George Mitchell Croil, born June 5th, 1893,
in Milwaukee, Wisconsin; died April 8th,
1959, in Vancouver, B.C. Royal Canadian
Air Force (RCAF) officer.
Vice-Marshal G.M. Croil
Defence Image Library, PL 117513.
During WWI, G. M. Croil wore the badge
of the Royal Flying Corps and trained new
pilots in Salonika and in the Middle East;
he was for some time T.E. Lawrence's (Lawrence
of Arabia) own pilot on desert missions.
Appointed to the Canadian Air Board in
1919, Croil helped ensure that Canada maintained
an air force during the peace era. He was
instrumental in establishing air force bases
in Morley and High River, Alberta. When
the RCAF was founded in 1924 under the authority
of the Canadian Army, Croil was among its
first officers. In 1925, he was sent to
Britain as liaison officer with the Royal
Air Force (RAF) and attended training at
the RAF Staff College. Back in Canada, he
served for five years as Commanding Officer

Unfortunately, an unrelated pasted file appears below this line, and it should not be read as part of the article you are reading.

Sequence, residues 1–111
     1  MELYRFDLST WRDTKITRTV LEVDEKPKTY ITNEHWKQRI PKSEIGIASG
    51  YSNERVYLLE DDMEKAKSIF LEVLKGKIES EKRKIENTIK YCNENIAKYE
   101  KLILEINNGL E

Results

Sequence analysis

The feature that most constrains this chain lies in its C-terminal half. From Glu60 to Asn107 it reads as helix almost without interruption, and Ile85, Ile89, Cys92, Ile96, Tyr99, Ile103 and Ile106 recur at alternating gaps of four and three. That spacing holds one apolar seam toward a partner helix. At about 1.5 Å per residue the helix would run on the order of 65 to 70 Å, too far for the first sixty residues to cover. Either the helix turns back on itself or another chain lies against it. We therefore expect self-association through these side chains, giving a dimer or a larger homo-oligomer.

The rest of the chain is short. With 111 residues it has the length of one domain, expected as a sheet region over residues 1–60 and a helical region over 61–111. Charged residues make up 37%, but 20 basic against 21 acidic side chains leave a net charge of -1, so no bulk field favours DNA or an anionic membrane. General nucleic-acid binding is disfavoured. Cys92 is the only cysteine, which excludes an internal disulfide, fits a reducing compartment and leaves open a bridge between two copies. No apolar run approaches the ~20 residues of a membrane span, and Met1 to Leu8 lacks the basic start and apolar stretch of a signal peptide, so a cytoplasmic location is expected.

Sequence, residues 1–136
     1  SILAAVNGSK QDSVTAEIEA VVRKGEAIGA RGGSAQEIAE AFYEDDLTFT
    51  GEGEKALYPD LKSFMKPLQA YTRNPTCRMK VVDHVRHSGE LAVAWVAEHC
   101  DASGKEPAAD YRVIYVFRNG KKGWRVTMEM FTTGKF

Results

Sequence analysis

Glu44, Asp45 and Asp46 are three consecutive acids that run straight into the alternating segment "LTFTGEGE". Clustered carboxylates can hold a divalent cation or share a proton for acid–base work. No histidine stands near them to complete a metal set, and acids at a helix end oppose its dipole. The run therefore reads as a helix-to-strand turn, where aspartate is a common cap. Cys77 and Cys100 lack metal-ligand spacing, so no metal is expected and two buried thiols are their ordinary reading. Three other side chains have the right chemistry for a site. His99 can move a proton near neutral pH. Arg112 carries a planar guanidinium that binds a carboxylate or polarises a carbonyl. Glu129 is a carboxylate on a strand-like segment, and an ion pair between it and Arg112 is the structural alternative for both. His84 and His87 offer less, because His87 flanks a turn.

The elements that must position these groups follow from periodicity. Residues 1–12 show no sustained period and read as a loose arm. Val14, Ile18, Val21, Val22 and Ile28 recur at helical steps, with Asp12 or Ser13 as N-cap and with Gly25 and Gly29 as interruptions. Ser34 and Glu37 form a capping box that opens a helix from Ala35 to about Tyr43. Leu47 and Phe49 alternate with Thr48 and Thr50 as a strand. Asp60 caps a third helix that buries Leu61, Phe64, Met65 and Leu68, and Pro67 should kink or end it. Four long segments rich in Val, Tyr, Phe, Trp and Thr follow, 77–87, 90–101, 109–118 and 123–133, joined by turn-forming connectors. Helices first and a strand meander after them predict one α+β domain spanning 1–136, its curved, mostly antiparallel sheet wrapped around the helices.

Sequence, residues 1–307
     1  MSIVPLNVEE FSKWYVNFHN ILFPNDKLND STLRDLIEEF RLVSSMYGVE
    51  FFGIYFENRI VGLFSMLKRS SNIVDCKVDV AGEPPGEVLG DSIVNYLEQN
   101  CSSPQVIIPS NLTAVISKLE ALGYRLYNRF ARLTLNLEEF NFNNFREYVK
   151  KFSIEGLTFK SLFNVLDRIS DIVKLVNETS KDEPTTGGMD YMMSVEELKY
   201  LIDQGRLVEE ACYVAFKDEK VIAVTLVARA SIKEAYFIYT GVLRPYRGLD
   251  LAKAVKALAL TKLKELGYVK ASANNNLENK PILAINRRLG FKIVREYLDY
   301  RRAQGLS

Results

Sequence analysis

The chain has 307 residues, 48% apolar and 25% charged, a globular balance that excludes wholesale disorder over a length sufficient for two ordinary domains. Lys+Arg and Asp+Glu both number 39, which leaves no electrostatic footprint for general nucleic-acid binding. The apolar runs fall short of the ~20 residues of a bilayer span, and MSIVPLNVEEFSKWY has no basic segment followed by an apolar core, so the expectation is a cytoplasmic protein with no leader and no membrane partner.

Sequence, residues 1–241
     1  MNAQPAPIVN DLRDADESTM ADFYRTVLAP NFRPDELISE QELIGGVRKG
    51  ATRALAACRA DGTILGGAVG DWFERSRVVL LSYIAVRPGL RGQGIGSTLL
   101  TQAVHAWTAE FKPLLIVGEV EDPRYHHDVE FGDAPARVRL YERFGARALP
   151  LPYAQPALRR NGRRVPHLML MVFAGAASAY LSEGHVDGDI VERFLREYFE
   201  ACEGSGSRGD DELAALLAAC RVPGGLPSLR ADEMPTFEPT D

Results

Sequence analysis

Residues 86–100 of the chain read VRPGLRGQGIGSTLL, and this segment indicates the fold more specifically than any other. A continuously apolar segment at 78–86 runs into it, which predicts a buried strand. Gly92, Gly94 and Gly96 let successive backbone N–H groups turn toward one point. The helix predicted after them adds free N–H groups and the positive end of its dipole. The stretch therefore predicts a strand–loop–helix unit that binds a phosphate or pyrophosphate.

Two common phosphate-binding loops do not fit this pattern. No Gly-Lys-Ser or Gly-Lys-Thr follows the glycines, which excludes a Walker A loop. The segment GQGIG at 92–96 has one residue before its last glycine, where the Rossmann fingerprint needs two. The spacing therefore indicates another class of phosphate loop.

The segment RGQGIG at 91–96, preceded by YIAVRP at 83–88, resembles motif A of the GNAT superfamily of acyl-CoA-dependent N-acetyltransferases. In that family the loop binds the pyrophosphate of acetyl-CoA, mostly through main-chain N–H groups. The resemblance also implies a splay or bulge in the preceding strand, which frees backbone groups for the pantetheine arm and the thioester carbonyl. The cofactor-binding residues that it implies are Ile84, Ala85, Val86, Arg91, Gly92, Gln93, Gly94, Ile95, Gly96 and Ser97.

of the Camp Borden (Ontario) training base.
In 1931, Croil, once more in Great Britain,
completed his training at the Imperial Defence
College. He was appointed Senior Air Officer
with the RCAF, and in 1938 succeeded in
securing the RCAF's independence from the
Army. A dedicated advocate of a strong,
independent, national air force for Canada,
Croil was promoted to Air Vice-Marshal and
became Canada's first Chief of Air Staff.
A reserved man, strict and professional,
Croil stood out as an exceptional administrator.
When C.G. Power became Minister of Defence
for Air in May 1940, he asked for Croil's
resignation: while acknowledging Croil's
qualities as a conscientious officer, he
admitted to being somewhat put off by his
"puritanical and regimental" disposition.
Professional to the end, Croil accepted
an appointment as Inspector General of the
RCAF. He retired in 1944.